Proposition 27: Who should redraw legislative district boundaries?

5:29 PM, Oct 11, 2010   |    comments
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SACRAMENTO, CA - Re-districting happens every 10 years. It affects how all of us are represented in local government.

Proposition 27 on the Nov. 2 ballot looks at who should draw the district maps. Right now, a state commission of 14 registered voters establishes new district boundaries for the state Assembly, state Senate, and Board of Equalization. Prop 27 will eliminate the redistricting commission. Vote 2010 - California races

"A vote for Prop 27 would be a vote to eliminate that citizens commission and put the job back in the hands of state legislators," said Erik Engstrom, a professor of political science at UC Davis.

Politicians often worry about how those lines are drawn because it can affect the balance of power.

"When you are redrawing boundaries, it's affecting the partisan makeup of districts. So it affects who holds power in Sacramento and who holds power in Washington, D.C." said Engstrom.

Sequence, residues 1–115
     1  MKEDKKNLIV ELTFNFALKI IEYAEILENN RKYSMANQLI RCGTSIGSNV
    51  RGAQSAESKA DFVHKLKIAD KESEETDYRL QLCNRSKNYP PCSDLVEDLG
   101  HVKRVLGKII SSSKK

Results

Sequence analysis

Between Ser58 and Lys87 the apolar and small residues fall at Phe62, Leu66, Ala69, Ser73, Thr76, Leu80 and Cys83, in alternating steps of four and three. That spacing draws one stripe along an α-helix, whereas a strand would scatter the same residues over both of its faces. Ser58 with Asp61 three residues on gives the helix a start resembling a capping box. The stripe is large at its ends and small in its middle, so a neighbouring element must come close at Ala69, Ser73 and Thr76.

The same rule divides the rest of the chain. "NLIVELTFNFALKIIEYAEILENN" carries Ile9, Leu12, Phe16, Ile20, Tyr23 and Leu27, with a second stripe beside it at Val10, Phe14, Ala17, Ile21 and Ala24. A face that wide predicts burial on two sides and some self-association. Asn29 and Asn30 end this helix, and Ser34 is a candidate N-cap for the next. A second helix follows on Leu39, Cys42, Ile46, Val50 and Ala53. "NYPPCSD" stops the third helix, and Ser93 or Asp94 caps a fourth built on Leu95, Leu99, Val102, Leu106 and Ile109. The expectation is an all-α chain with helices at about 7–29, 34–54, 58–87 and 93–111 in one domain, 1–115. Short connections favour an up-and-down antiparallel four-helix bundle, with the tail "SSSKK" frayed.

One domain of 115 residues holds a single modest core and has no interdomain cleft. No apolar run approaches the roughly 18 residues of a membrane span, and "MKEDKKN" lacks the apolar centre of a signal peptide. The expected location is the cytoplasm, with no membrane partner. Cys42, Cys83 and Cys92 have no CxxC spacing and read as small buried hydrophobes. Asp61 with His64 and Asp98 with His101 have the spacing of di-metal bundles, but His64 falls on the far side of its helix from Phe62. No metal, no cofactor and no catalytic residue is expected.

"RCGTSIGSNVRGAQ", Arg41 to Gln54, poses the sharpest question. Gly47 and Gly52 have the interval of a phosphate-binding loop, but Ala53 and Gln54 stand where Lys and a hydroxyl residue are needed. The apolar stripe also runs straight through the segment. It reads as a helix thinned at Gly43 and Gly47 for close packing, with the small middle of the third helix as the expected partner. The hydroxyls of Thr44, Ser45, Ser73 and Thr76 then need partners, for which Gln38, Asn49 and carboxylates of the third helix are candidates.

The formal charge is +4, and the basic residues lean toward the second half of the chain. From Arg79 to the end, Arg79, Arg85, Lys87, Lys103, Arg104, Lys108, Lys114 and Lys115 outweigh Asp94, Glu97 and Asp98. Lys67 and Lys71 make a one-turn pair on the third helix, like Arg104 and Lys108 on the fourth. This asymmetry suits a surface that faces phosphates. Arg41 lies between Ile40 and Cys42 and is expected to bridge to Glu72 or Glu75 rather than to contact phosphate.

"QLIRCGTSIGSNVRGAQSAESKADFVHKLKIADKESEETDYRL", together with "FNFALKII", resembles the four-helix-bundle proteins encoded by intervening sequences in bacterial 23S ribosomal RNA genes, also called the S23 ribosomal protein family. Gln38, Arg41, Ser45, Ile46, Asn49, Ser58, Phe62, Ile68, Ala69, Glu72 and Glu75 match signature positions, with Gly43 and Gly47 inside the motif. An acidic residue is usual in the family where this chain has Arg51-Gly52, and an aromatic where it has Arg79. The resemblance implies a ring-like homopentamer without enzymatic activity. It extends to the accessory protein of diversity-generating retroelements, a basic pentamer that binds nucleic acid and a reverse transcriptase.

Prop 27 says giving the power back to state legislators and dissolving the citizen redistricting commission could save a million dollars over the next year. While the measure eliminates the state citizen panel and gives re-districting authority to elected officials, it also repeals Proposition 11 which voters passed in 2008.

Proposition 20 is a competing ballot measure. It removes lawmakers from the redistricting process and keeps the power with the 14-member commission.

If both Proposition 20 and 27 are approved by voters, whichever one receives more "yes" votes will be the only one to take effect.  

By Suzanne Phan,

Twitter: @suzannephan



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